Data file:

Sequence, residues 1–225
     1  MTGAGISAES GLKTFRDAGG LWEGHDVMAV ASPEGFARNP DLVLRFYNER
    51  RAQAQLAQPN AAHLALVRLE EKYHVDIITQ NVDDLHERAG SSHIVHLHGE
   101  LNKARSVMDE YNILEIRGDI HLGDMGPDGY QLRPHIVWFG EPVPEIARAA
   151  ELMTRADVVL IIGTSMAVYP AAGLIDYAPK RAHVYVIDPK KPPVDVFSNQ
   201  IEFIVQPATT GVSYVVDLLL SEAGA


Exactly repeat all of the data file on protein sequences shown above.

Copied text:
Sequence, residues 1–225
     1  MTGAGISAES GLKTFRDAGG LWEGHDVMAV ASPEGFARNP DLVLRFYNER
    51  RAQAQLAQPN AAHLALVRLE EKYHVDIITQ NVDDLHERAG SSHIVHLHGE
   101  LNKARSVMDE YNILEIRGDI HLGDMGPDGY QLRPHIVWFG EPVPEIARAA
   151  ELMTRADVVL IIGTSMAVYP AAGLIDYAPK RAHVYVIDPK KPPVDVFSNQ
   201  IEFIVQPATT GVSYVVDLLL SEAGA